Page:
Headshots – retouching

Zits, eye bags, pimples and late nights. I’m sure many an actor has fretted the morning of a headshot session, wishing they could peel their face off and start over. That huge whitehead, veneered with a trowl-like application of off-colour coverup has served only to crack and take on the appearance of a topographical image of a mountain on the surface of Mars. How many restful nights would be gained if these poor souls were to learn that it’s nothing to worry about.

A headshot session is something that must occur  as time and availability permits. This means we have to take what we can get on the day, and I suppose, in that instance, we need to hope for the best. Much like a picnic in July, when you know there’s every chance it’s going to piss down.

A headshot is supposed to be an accurate reflection of you at your best, but a snapshot of you at the exact time the headshot was taken. For that reason, a photographer will work to remove any elements of a photograph that might not have been present the day before, or wouldn’t necessarily be still there a week after the headshot was taken. This is done during a process called ‘retouching’.

Retouching is getting a bit of a bad press at the moment, and for good reason. Cosmetic companies are getting their wrists slapped for making aged celebrities look positively foetal, and less-than-able photographers are taking techniques too far and creating monstrous images of people with over-smooth skin to the point where it has no texture at all. This has led to a demonising of what is an incredibly intricate and necessary step in the digital photographic process.


The Problem with A Photograph

Trouble is, with these high-end digital images, is that they pick up too much information. You’ve got a 20 million pixel image that can pick up the shadows being cast by the depth of your pores. Think about that for a second. When was the last time you really noticed anyone’s pores when you were having a conversation with them, or when someone was sitting across the room? You didn’t, because there’s too much other information going on at the time for you to notice something as insignificant as a person’s skin texture.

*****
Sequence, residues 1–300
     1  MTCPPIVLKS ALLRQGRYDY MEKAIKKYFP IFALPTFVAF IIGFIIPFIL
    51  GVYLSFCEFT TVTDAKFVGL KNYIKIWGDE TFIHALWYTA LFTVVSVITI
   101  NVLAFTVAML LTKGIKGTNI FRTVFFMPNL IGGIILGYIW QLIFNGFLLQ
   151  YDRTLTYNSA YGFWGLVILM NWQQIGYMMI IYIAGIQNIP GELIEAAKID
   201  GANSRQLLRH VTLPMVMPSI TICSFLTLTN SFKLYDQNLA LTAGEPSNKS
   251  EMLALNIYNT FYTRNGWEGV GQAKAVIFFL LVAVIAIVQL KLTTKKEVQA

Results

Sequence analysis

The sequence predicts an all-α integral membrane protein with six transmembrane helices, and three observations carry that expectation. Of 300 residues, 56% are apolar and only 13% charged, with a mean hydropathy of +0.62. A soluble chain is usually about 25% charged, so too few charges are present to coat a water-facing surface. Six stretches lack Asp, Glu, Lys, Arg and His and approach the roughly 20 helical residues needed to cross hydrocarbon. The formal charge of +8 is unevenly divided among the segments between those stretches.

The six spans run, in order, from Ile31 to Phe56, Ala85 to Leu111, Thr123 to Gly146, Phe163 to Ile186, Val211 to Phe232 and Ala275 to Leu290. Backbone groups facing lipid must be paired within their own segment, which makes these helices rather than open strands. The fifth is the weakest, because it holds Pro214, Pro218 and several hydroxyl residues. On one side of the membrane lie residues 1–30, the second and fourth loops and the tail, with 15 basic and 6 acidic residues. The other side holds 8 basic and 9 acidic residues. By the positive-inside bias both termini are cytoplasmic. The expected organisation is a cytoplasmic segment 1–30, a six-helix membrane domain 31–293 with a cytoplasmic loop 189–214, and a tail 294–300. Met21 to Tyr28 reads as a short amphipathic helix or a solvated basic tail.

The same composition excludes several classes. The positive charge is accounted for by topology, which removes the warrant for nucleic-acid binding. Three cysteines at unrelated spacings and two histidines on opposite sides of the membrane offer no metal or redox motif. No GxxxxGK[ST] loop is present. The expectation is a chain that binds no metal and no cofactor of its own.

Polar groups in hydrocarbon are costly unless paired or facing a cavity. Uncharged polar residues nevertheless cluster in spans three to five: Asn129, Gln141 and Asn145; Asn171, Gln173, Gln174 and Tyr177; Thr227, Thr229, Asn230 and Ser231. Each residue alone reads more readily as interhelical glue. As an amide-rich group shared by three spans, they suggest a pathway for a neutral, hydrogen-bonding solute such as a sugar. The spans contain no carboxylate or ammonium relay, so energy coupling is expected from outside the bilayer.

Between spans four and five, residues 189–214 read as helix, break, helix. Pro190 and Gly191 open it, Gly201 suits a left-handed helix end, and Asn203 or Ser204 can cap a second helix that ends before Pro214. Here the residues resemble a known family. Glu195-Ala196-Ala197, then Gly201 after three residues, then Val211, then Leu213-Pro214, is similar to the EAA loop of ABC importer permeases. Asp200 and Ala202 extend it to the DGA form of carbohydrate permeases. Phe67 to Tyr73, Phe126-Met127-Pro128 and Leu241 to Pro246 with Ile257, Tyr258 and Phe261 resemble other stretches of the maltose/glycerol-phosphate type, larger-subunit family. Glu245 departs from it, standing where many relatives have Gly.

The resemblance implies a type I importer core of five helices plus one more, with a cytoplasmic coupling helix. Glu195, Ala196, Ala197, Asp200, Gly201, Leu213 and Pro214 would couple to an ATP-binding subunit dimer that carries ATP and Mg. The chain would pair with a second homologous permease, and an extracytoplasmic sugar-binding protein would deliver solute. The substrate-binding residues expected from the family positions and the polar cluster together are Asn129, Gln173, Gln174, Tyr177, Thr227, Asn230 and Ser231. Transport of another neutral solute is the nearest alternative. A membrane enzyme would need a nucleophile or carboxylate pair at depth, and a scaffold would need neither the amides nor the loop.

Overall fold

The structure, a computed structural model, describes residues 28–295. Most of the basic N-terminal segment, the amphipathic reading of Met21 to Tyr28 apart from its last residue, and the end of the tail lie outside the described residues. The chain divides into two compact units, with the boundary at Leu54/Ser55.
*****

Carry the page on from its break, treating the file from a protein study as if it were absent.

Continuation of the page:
However, take a photograph of a persons face, from 6 inches away, and there’s nothing you fail to notice. When you freeze a person’s face in time, and you do it with a high-end camera, you record absolutely every single atom in that shot. With nothing else but the image to look at, things you don’t notice during daily life will suddenly jump out at you like little explosions on the screen. Facial pores, nostril hair, dark eyes, blood-shot veins in the sclera of the eyes, pockmarks, dimples, and everything else you don’t see while talking to someone at a distance.

Is that fair? Is that an accurate representation of someone’s face? I say no.

At London Headshots, the purpose of retouching is not to make people look better, or younger, not even by one day. I use photoshop to remove all the elements of a shot that either won’t be there when a casting comes round, such as spots, or things you wouldn’t notice when you were talking to them, such as tiny stray nostril hairs.

Do not worry about any of the little temporary imperfections that crop up during the week running up to the headshot session. These are not things to concern yourselves with, because they won’t be visible in the final shots, just like they won’t be visible when you go for your next casting!

Now you can relax!

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